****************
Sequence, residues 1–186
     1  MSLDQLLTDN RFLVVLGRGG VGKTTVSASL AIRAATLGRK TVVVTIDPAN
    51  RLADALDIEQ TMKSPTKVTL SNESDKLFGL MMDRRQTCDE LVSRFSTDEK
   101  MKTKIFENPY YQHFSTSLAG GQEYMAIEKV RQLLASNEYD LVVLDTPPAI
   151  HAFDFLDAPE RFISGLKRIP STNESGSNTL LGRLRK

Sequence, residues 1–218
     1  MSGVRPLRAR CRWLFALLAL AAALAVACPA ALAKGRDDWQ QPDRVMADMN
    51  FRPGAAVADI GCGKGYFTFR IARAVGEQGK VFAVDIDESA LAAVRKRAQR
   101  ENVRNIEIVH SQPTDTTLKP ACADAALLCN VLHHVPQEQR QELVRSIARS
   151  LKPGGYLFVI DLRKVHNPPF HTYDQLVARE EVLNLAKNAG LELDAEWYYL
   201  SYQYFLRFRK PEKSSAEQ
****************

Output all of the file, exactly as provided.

Sequence, residues 1–186
     1  MSLDQLLTDN RFLVVLGRGG VGKTTVSASL AIRAATLGRK TVVVTIDPAN
    51  RLADALDIEQ TMKSPTKVTL SNESDKLFGL MMDRRQTCDE LVSRFSTDEK
   101  MKTKIFENPY YQHFSTSLAG GQEYMAIEKV RQLLASNEYD LVVLDTPPAI
   151  HAFDFLDAPE RFISGLKRIP STNESGSNTL LGRLRK

Sequence, residues 1–218
     1  MSGVRPLRAR CRWLFALLAL AAALAVACPA ALAKGRDDWQ QPDRVMADMN
    51  FRPGAAVADI GCGKGYFTFR IARAVGEQGK VFAVDIDESA LAAVRKRAQR
   101  ENVRNIEIVH SQPTDTTLKP ACADAALLCN VLHHVPQEQR QELVRSIARS
   151  LKPGGYLFVI DLRKVHNPPF HTYDQLVARE EVLNLAKNAG LELDAEWYYL
   201  SYQYFLRFRK PEKSSAEQ